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The purpose of this review was to assess the effects of non‐antiepileptic drugs in trigeminal neuralgia.

Cochrane Database of Systematic Reviews: Plain Language Summaries [Internet] - John Wiley & Sons, Ltd.

Version: 2013

Trigeminal neuralgia is defined as "sudden usually unilateral severe brief stabbing recurrent pains in the distribution of one or more branches of the fifth cranial nerve". It has an incidence rate of 12.6 per 100,000 person years and more commonly affects older age groups. The fifth cranial nerve is one of the largest in the head. The nerve is called trigeminal because it splits into three main branches. It provides sensation to the face. When neuralgia (nerve pain) occurs in the trigeminal nerve it causes severe and sudden face pain.

Cochrane Database of Systematic Reviews: Plain Language Summaries [Internet] - John Wiley & Sons, Ltd.

Version: 2012

Neuropathic pain is pain coming from damaged nerves. It differs from pain messages carried along healthy nerves from damaged tissue (a fall, or cut, or arthritic knee). Neuropathic pain is treated by different medicines than pain from damaged tissue. Medicines like paracetamol or ibuprofen are usually not effective in neuropathic pain, while medicines that are sometimes used to treat epilepsy or depression can be very effective in some people with neuropathic pain. Other possible treatments include the use of local anaesthetic applied to the skin.

Cochrane Database of Systematic Reviews: Plain Language Summaries [Internet] - John Wiley & Sons, Ltd.

Version: 2017

Neuropathic pain is pain coming from damaged nerves. It is different from pain messages carried along healthy nerves from damaged tissue (a fall, or cut, or arthritic knee). Neuropathic pain is treated by different medicines than pain from damaged tissue. Medicines like paracetamol or ibuprofen are not effective in neuropathic pain, while medicines that are sometimes used to treat depression or epilepsy can be very effective in some people. Our understanding of fibromyalgia (a condition of persistent, widespread pain and tenderness, sleep problems, and fatigue) is lacking, but fibromyalgia can respond to the same medicines as neuropathic pain.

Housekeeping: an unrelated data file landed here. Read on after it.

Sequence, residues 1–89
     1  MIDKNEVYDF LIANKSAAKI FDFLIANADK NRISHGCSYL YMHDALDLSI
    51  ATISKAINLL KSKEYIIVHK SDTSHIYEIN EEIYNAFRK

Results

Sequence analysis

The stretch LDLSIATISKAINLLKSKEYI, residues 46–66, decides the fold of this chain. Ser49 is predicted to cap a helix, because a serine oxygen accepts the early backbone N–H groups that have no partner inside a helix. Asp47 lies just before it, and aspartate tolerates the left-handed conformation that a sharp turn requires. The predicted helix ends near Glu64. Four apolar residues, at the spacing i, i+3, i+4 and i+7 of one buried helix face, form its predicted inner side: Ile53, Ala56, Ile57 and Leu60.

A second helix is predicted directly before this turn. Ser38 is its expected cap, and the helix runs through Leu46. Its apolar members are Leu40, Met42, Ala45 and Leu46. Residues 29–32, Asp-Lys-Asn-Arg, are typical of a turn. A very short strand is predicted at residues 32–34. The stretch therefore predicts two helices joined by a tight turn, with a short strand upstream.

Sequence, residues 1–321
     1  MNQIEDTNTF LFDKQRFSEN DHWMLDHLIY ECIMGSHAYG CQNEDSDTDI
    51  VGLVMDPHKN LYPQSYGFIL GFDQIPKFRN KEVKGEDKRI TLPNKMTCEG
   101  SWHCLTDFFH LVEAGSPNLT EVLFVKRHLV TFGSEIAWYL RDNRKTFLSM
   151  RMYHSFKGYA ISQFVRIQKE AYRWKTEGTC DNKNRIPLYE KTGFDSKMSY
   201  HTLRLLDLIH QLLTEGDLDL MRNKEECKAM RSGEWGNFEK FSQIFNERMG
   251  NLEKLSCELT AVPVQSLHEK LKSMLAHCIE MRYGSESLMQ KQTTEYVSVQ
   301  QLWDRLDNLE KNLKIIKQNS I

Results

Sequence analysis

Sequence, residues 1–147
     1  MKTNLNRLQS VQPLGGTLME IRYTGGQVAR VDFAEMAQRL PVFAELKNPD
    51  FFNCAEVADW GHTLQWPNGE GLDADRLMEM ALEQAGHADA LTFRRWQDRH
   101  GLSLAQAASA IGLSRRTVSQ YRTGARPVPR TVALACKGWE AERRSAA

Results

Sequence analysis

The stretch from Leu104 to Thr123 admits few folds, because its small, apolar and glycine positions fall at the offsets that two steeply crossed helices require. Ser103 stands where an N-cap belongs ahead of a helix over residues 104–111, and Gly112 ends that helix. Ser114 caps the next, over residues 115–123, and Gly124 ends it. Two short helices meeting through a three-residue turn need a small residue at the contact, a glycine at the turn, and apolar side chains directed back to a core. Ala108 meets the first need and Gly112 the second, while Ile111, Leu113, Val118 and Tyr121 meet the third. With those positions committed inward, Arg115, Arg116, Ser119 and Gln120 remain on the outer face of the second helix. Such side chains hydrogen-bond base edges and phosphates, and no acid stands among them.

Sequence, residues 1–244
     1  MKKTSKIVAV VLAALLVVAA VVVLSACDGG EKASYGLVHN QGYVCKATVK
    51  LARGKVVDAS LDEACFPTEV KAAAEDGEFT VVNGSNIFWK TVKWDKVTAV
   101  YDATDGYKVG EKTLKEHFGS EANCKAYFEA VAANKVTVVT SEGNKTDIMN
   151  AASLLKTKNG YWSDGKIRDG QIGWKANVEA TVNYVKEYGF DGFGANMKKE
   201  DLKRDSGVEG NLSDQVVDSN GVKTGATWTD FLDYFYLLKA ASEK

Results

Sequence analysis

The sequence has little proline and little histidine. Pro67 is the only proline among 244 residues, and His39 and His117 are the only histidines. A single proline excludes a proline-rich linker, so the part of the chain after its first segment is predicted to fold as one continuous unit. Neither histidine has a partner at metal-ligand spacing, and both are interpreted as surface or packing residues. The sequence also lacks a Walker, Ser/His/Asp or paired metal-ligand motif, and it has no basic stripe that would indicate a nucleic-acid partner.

Cochrane Database of Systematic Reviews: Plain Language Summaries [Internet] - John Wiley & Sons, Ltd.

Version: 2014

Nerves which have been damaged by injury or disease can continue to produce pain. This type of pain is called neuropathic pain. Some antiepileptic medications can help neuropathic pain. Phenytoin is an antiepileptic medication, and the aim of this review was to assess how effective phenytoin is for neuropathic pain and fibromyalgia. We identified no good quality studies of phenytoin used in this situation. When used to treat epilepsy, phenytoin can cause potentially troublesome adverse events, affecting nervous tissue, the blood, and unborn children. Based on current evidence, phenytoin cannot be recommended for treating neuropathic pain. Other antiepileptic drugs such as pregabalin, gabapentin, and carbamazepine have been shown to be of value in neuropathic pain.

Cochrane Database of Systematic Reviews: Plain Language Summaries [Internet] - John Wiley & Sons, Ltd.

Version: 2017

Neuropathic pain is pain coming from damaged nerves. It is different from pain messages that are carried along healthy nerves from damaged tissue (for example, a fall, or cut, or arthritic knee). Neuropathic pain is treated by different medicines to those used for pain from damaged tissue. Medicines such as paracetamol or ibuprofen are not usually effective in neuropathic pain, while medicines that are sometimes used to treat depression or epilepsy can be very effective in some people with neuropathic pain.